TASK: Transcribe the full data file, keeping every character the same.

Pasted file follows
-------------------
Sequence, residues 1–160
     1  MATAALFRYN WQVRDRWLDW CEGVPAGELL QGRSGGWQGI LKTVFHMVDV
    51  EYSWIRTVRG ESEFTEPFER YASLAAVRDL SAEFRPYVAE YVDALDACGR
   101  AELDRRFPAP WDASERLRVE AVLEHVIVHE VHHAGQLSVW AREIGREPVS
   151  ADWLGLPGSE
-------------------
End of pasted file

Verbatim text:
Sequence, residues 1–160
     1  MATAALFRYN WQVRDRWLDW CEGVPAGELL QGRSGGWQGI LKTVFHMVDV
    51  EYSWIRTVRG ESEFTEPFER YASLAAVRDL SAEFRPYVAE YVDALDACGR
   101  AELDRRFPAP WDASERLRVE AVLEHVIVHE VHHAGQLSVW AREIGREPVS
   151  ADWLGLPGSE